Andrew didn’t go to art school, he was a philosophy major. His freshman year of college he was elected dorm head and one of his responsibilities was to produce a newsletter once a week. This is how he began his career in design. Creating weekly newsletters turned into learning the basics of web design and soon enough, Andrew was an Art Director at a weekly magazine.
Now Andrew is running his own design firm, Transom Design. With six employees and a constant stream of work, the company is running on all cylinders.
What area of design does Transom specialize in?
We do visual identity really well. At least, we enjoy it the most. It’s a design problem in its purest form, almost like poetry. You’re trying to capture the essence of a brand or a company and distill it down to something that is very simple and memorable and easily replicated.
Where did the name “Transom” come from?
On a boat, the transom is the flat part in the back, most of the time that’s where the name is written. So, It’s a structural part of the boat and without that the boat can’t function, but it’s also an architectural piece; the beam across a window or a door. We loved how the word sounded and looks. We had bunch of different naming ideas and I can’t remember the moment exactly, but I think I was looking through a book on boat terminology and it clicked.
Do you have a philosophy when it comes to naming a company or brand?
I think there is a fine line between memorable and easily digestible. I love names that don’t bring a lot of meaning to the table with them. There might be some meaning implied, but not a ton. Take Transom, for example; it’s easily to parse, it look just like it sounds, maybe you’ve heard it once or twice, but it’s not in the common vernacular. It’s an empty vessel that you can then fill in with the actual brand. But I don’t really have a mantra, there are so many considerations that go into naming, so something that works for one company will not work for another.
How did you land on Transom.design? What domains did you have before that?
Transomdesign.com was the obvious choice out of the gate, but that was unavailable. So we just experimented with different permutations of putting Transom somewhere in the domain. We had followtransom.com and, at one point we had transomco.com, which was terrible. People often asked, ‘what’s your company, transomco?’ Then we had transomlabs.com and I thought, we aren’t really transom labs, we are a design company. I eventually saw that .design was coming out and I thought that if we got there early we could get our name and we did. Since getting transom.design, the person who owns transom.com actually reached out to us to sell it.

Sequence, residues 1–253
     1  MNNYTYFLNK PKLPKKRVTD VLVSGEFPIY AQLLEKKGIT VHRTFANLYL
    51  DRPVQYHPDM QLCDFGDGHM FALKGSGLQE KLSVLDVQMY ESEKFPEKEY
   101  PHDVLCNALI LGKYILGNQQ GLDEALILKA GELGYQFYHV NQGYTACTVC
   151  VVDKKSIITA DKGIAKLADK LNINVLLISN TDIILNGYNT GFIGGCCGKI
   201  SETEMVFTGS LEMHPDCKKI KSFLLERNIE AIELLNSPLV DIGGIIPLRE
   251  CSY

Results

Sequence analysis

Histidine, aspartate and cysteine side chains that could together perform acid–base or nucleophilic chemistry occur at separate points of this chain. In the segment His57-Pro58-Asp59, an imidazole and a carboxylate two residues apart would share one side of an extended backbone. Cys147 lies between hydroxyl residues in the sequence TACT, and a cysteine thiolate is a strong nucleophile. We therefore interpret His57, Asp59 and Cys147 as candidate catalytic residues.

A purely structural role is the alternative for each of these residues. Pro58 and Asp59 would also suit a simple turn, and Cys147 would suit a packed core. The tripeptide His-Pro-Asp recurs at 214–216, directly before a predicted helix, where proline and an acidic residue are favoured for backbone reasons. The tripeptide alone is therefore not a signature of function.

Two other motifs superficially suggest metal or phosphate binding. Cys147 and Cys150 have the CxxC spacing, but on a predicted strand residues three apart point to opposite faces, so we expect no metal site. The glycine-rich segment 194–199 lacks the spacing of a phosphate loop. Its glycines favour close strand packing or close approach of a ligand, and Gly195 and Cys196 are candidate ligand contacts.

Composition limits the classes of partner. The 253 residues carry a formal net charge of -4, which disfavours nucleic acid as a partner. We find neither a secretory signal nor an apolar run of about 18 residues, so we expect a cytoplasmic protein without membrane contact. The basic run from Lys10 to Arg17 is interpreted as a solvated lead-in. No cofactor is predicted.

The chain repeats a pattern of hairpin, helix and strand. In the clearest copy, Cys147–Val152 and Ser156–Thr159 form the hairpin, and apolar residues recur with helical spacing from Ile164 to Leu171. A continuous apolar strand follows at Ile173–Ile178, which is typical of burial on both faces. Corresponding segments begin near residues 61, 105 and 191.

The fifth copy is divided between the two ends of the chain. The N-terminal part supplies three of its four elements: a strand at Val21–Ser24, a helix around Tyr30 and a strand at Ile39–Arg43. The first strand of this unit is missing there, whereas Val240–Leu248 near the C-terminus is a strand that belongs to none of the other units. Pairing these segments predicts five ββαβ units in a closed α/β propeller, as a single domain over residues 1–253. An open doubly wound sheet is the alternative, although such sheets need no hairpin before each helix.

Are you going to buy it?
No, we could totally afford it, but, aesthetically, transom.design is exactly what we’re going for. It doesn’t get any simpler than it is now, it’s who-we-are-dot-what-we-do.
How has the reaction been?
It’s been really good. I was actually thinking that we’d get more questions about it, but most people just think it’s cool. Some people we have to educate and the rest just go with the flow.
Lastly, what advice would you give to aspiring designers?
For me, design was what I did in my spare time and it became a real passion. You can certainly be a designer without that, but it sure helps to have it. I know a lot of people who decided that they wanted to be a writer or a photographer, or whatever creative discipline and I would ask them, ” what have you written lately,” or “what photographs have you taken lately?” and they would provide excuses or talk about a class they were going to take. Invariably, I would ask them a year later and they would no longer be interested. Whatever you think your life will be as a designer, that’s not what it’s going to be like. You should be a designer because the act of designing is innately pleasurable to your soul. I would hope that people discover that they want to be a designer because they find themselves designing.